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Paperless office is unrealistic: Epson research

Read time 2min 50sec
Jeroen van Beem, head of Sales, AFIS, Epson Europe BV.
Jeroen van Beem, head of Sales, AFIS, Epson Europe BV.

Despite increasing workplace digitisation the majority of South African office workers say that "the paperless office is unrealistic", and consider printing "vital" in helping them work effectively.

This is according to a survey of over 2 400 employees from across EMEA, commissioned by Epson Europe, which revealed around 81% of South African respondents consider printing "vital" in terms of helping them work effectively, while an overwhelming majority (76%) felt a "paperless office is unrealistic".

More than 38 years have passed since British-American information scientist Frederick Wilfrid first envisioned a paperless office in 1978. Today, the reality is that printers continue to be used daily, adds the research.

"It is clear from our research that - despite digital advances and over 41% of businesses now digitising documents in favour of keeping hard copy records - people still like to work with paper, preferring print rather than working on-screen for certain tasks," says Jeroen van Beem, head of Sales, AFIS, Epson Europe BV.

Eighty-eight percent of South African respondents said they considered printing critical to the way their industry operates, with 44% of them revealing that they print more than 10 documents per day with the most popular printed items being invoices closely followed by letters, reports and brochures, and e-mail attachments, the report notes.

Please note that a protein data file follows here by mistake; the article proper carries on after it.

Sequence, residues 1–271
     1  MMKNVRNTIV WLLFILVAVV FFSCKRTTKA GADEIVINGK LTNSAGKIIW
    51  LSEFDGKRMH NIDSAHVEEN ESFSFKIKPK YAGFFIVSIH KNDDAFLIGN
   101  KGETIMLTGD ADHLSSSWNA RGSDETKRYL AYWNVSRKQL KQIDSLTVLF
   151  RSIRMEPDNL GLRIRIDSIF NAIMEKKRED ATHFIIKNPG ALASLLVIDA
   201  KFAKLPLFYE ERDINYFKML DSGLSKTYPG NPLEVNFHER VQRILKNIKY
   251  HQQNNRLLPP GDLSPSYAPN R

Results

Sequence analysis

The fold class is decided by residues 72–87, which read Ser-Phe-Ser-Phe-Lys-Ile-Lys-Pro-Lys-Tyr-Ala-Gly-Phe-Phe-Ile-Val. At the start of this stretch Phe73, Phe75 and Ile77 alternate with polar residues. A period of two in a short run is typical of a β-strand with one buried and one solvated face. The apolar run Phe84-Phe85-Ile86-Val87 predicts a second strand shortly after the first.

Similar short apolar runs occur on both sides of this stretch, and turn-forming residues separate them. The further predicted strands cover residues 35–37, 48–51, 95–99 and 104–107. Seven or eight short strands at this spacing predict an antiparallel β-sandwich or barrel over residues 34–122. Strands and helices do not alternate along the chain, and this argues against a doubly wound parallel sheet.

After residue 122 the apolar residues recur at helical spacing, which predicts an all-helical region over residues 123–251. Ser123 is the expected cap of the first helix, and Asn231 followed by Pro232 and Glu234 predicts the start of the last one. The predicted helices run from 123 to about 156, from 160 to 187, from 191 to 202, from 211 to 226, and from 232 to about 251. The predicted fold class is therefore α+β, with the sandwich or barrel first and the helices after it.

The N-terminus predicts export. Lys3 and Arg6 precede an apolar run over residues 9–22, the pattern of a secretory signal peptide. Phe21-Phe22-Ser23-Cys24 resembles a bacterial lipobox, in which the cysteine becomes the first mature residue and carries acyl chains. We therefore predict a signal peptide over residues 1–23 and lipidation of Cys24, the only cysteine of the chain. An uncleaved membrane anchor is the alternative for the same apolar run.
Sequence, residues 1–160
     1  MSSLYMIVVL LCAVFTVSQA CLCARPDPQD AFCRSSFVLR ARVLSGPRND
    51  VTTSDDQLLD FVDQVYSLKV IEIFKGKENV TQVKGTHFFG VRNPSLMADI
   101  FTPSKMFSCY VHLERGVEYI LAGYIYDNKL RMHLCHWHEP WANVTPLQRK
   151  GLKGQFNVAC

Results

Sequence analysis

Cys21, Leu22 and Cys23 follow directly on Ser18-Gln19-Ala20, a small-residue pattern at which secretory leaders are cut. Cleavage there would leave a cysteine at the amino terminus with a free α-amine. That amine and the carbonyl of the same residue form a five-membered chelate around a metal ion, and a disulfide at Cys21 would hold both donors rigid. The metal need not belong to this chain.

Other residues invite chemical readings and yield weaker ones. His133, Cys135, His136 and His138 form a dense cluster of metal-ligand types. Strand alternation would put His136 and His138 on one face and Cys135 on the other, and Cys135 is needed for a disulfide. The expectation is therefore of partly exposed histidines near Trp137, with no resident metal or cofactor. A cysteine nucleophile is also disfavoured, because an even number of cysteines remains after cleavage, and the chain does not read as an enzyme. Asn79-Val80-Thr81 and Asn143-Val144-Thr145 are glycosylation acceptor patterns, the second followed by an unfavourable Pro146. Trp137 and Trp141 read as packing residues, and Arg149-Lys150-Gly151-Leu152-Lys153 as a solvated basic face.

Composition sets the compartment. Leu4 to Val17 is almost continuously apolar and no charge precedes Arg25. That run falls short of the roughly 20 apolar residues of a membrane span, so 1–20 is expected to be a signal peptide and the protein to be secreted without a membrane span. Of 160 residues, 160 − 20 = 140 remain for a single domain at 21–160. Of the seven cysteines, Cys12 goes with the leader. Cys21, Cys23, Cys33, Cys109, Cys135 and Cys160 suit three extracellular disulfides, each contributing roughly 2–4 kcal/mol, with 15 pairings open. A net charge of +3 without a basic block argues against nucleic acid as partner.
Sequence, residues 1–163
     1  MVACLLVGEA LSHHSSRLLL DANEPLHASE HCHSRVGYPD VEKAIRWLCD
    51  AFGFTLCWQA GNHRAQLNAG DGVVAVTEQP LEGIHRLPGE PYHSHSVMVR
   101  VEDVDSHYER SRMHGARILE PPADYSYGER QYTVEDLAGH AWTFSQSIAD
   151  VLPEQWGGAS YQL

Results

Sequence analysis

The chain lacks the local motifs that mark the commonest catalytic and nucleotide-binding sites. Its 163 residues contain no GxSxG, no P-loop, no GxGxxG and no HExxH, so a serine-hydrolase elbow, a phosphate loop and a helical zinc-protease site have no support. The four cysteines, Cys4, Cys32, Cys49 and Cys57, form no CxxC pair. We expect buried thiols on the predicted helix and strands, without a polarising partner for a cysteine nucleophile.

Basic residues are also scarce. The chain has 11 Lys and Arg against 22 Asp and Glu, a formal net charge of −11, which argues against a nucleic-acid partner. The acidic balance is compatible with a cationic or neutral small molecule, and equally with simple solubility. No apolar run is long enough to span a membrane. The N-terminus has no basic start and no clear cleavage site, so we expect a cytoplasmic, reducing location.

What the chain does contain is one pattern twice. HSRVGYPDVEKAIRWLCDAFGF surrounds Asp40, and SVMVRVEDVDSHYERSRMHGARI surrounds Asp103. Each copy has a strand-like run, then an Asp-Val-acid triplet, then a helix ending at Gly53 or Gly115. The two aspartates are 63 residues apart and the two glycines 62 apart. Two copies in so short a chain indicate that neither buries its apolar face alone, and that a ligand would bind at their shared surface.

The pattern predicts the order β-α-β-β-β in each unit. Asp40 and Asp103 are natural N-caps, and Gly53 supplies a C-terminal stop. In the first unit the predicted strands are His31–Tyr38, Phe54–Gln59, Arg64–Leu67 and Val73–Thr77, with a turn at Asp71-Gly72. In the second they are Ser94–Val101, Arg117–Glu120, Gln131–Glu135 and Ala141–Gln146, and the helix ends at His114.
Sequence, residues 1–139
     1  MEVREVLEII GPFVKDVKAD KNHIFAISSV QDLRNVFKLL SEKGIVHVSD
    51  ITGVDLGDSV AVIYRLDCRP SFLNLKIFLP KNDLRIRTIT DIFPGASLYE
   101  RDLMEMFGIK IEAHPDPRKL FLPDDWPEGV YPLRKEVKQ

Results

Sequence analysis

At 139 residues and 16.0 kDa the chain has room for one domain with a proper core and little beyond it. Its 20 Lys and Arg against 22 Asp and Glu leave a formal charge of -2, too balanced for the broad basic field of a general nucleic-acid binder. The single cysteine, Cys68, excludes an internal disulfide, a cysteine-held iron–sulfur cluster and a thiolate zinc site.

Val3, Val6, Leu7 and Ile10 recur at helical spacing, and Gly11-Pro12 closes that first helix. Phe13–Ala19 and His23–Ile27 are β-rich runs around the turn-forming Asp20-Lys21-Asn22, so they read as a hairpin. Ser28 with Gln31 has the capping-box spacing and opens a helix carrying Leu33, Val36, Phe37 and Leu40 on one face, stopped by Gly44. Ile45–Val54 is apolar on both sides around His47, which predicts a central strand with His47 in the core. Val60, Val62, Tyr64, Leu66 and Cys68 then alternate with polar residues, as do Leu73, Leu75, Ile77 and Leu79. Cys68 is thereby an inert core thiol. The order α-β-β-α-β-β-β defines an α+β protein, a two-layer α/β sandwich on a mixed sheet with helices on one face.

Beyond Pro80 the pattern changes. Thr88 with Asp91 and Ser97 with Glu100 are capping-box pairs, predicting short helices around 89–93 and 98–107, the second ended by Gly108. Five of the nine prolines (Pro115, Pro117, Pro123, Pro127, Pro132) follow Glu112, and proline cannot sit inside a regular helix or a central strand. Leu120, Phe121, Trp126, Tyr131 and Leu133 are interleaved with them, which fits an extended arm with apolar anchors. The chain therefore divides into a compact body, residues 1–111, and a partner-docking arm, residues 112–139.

South Africans tend to keep and use the documents that they print out, with just 16% saying that they waste or don't use more than 30% of the documents they print out. While this is not to say that print is any less valuable (in fact a third of employees (33%), said that their productivity would decrease if they were no longer able to print), it is a factor that is on the minds of employees, 76% of whom believe that environmental preservation is important, explains the research.

"The reality is that organisations need print to help employees work effectively, but if they are careful about the technology they choose, they can reap wider productivity and environmental benefits too," highlights Van Beem. "By selecting inkjet printers over comparable laser products, for example, organisations can achieve up to twice as many prints while producing 95% less waste and with much lower energy consumption, a fact that an alarming 65% of businesses in South Africa are still unaware of."

Lee-Ann Letcher, product manager at Canon SA, says while everyone thought print was slowly becoming obsolete, this is not true. It has just merely changed.

"Printing companies have now moved beyond providing innovative technologies to providing an all-rounded digital service that empowers businesses with solutions that are geared to help cut the cost of key processing information, through increased automation and digitisation of paper- based administration. Even in this data-centric, digital era, print still has a place. Today, companies process and store massive volumes of documents. These documents, whether printed or digital, lie at the heart of every organisation," notes Letcher.

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